Original article from Kent Live
The full results of the Kent County Council elections have now been confirmed.
Following a nationwide slump for Kier Starmer's Labour party, the Tories have tightened their grip on many councils up and down the country, and Kent is no exception.
Even for a county that traditionally votes Conservative, Kent is looking very blue as the results from the May 6 elections have come in, as a new map from KentLive shows.
The darker portions of the map indicate a firmer grip on the district for the Conservatives, whilst the lighter sections show where the Tories aren't quite so secure.
Hover over the map below
The interactive map allows you to hover over your part of Kent to see the full seat breakdown, to see just how much of your local area is represented by the Tories.
A Tory majority isn't the only narrative prevailing, as some flipped seats in Tonbridge have meant that the Green party have doubled their seat share from two to four.
The Conservatives actually lost seats across Kent compared to the 2017 local elections, with their total share of the seats dropping from 67 to 61.
Labour remained with five seats on Kent County Council, whilst its sister party, the Labour and Co-operative party gained two seats.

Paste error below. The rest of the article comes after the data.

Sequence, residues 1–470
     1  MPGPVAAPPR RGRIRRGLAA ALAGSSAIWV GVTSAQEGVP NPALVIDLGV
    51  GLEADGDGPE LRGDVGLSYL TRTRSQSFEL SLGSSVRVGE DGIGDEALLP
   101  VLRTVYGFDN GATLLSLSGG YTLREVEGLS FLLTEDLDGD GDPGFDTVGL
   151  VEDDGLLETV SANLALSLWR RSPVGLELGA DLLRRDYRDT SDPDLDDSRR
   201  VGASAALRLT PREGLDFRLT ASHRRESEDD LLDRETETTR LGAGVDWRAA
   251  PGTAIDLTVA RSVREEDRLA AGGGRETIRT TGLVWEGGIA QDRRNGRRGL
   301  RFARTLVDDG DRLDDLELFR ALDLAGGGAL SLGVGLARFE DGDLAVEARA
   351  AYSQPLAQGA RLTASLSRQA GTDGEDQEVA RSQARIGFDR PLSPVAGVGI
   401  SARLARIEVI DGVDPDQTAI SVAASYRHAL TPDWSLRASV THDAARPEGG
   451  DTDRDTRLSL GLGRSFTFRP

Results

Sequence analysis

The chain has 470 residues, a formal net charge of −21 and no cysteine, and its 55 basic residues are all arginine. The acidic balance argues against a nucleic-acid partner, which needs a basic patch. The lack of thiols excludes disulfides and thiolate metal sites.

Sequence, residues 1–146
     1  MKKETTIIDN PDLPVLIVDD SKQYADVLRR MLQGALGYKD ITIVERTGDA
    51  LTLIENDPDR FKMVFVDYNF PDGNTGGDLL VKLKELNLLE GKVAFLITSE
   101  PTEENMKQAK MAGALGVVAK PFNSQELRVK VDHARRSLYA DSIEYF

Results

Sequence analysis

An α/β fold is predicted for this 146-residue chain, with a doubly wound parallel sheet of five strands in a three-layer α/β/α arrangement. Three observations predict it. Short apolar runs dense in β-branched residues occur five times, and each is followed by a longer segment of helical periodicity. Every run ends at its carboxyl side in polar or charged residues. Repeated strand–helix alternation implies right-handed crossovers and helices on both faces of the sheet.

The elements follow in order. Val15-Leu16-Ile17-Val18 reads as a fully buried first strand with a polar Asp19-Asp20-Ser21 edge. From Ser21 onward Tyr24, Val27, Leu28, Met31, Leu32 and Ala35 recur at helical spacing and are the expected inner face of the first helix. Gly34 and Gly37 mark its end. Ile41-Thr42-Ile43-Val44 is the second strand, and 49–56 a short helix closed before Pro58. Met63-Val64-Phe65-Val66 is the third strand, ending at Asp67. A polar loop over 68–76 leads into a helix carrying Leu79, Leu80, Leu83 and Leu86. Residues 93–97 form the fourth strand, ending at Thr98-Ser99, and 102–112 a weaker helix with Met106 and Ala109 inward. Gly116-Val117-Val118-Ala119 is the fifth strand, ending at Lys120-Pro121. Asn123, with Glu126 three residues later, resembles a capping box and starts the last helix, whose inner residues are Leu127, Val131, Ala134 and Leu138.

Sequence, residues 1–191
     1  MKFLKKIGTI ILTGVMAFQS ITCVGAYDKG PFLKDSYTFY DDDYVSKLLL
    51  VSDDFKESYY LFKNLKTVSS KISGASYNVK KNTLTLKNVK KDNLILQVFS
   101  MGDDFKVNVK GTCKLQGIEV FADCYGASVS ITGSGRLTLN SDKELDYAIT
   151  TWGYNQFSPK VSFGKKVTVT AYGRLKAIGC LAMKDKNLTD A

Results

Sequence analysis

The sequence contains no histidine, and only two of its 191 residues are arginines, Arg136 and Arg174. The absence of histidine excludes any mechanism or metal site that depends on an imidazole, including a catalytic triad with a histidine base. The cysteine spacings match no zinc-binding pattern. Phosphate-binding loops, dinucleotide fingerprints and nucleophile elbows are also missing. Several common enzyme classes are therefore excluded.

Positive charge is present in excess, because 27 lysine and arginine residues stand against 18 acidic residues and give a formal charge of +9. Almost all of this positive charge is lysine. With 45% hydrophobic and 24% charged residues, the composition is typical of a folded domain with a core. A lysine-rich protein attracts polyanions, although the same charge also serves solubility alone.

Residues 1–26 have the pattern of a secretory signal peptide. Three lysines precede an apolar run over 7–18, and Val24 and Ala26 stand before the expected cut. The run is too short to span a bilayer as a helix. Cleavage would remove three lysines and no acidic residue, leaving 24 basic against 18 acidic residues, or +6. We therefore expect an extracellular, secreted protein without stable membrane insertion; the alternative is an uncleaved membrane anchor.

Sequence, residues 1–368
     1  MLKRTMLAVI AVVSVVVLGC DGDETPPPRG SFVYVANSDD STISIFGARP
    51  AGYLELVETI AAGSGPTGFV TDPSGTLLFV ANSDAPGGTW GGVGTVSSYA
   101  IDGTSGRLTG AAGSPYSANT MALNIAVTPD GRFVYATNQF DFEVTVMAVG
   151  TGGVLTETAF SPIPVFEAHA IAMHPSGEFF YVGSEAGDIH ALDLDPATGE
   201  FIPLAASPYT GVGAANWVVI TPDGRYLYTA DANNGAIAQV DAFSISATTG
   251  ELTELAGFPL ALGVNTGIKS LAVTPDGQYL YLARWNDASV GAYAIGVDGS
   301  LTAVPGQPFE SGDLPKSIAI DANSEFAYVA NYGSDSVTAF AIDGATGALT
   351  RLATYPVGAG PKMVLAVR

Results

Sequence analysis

Though the Lib Dems gained two seats in Canterbury South and Sevenoaks Town, their overall share has dropped from seven seats to six.
One seat is yet to be called, as its race was suspended following the death of candidate Chris Deane, who was running for Labour in Elham Valley.
The election for this seat is set to be rescheduled for a later date, though it is a safe seat for the Conservatives and would require a substantial 22 per cent swing to change hands to one of either the Greens, Lib Dems or Labour.
In spite of some losses, Kent County Council is still overwhelmingly Tory, with some districts having absolutely no presence from the other major parties.
The biggest strongholds are in Gravesham, Tunbridge Wells and Dover, where 100 per cent of the county council seats are held by Conservatives.
Ashford, Sevenoaks and Folkestone & Hythe are still very tory, with over 80 per cent of their elected officials belonging to the party of Johnson and co.
Swale is the biggest outlier, with only 50 per cent of the seats taken by the Conservatives this time round, with the Swale Independents, Lib Dems and Greens comprising the other half.
Medway functions as a separate municipal council, however, and has not held elections this year, with it's next selection of councillors set for May 2023.
It is also notably more balanced than Kent, with 33 of it's 55 seats belonging to the conservatives, with labour and independents making up the other 22.
Even with the Conservatives' grip on Kent's county council not quite as unbreakable as it once was, Kent is still an overwhelmingly blue county, and it doesn't look like that will be changing any time soon on the county council.